This uncompromisingly empirical study reconstructs the public and private lives of urban business families during the period of England’s emergence as a world economic power. Using a broad cross-section of archival, rather than literary, sources, it tests the orthodox view that the family as an institution was transformed by capitalism and individualism. The approach is both quantitative and qualitative. A database of 28,000 families has been constructed to tackle questions such as demographic structure, kinship, and inheritance, which must be answered statistically. Much of the book, however, focuses on issues such as courtship and relations among spouses, parents, and children, which can only be studied through those families that have left intimate records. The overall conclusion is that none of the abstract models invented to explain the historical development of the family withstand empirical scrutiny and that familial capitalism, not possessive individualism, was the motor of economic growth.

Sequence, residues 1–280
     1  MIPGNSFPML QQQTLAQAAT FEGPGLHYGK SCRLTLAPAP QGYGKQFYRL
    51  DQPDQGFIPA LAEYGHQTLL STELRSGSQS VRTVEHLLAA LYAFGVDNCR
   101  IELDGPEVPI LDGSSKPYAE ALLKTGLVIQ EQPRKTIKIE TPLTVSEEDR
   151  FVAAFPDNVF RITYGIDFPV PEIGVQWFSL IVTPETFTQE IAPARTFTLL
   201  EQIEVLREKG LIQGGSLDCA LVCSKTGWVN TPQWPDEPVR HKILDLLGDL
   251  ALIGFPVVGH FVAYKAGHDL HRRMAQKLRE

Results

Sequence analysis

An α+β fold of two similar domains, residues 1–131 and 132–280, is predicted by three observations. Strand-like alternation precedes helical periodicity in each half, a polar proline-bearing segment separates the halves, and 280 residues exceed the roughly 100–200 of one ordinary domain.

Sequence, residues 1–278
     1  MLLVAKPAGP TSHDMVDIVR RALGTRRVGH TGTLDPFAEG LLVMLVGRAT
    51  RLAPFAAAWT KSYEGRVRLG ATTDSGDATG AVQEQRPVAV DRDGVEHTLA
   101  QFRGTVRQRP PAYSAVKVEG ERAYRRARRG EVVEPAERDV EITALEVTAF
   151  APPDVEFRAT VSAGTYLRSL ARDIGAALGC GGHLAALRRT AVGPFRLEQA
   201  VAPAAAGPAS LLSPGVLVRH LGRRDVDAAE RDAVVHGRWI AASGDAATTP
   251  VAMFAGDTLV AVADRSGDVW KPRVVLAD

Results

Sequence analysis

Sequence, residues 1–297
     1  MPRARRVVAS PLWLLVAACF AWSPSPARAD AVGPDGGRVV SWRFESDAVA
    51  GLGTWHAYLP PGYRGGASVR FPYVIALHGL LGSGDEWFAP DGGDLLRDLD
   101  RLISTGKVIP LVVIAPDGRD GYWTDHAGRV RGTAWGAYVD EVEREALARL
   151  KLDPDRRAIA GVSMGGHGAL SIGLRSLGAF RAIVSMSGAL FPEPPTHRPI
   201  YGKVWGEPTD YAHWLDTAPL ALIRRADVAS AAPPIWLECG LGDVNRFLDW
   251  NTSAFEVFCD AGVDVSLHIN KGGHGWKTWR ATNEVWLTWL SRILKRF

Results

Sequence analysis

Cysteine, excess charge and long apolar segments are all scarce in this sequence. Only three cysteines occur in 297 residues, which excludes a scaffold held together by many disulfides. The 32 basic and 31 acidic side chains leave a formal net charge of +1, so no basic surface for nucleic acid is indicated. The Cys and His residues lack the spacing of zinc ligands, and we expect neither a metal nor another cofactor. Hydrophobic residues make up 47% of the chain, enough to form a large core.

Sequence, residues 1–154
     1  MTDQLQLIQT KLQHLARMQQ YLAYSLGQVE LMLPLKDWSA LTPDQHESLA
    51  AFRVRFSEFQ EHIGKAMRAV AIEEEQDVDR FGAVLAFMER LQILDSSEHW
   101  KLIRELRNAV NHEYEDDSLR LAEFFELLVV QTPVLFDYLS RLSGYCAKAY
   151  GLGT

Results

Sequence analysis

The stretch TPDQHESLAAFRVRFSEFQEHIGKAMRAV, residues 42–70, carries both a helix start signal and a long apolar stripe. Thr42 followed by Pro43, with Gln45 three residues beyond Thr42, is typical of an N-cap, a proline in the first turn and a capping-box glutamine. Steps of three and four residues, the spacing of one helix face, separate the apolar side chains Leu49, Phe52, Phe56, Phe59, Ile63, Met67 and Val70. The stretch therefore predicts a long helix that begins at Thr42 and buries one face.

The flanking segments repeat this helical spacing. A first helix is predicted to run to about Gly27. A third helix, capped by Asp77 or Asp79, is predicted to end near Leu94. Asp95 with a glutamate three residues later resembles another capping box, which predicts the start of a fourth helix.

Introduction: Models and Myths

Part I. Marriage
1. Making a Match
2. Husbands and Wives
3. Widowers and Widows

Part II. The Business Family
4. Parents and Children
5. Adulthood and Old Age
6. Kin and Community

Part III. The Family Business
7. Men in Business
8. Women in Business
9. Inheritance and Advancement

Conclusion: Capitalism and the Life Cycle


“Richard Grassby has certainly enhanced our understanding of the family’s contribution by means of his tireless accumulation, organization and analysis of a prodigious mountain of evidence.… This immensely ambitious book compels respect, even awe. All its readers will learn a great deal from it; many will wish they could have learnt more.”—The English Historical Review

“…a well researched, significant and trenchant study.”—History

“The book puts together an impressive amount of evidence... This is undoubtedly a significant contribution.”—History of Economic Ideas

“…a valuable resource and an excellent work of reference of the well-to-do business family in the pre-industrial period.”—Business History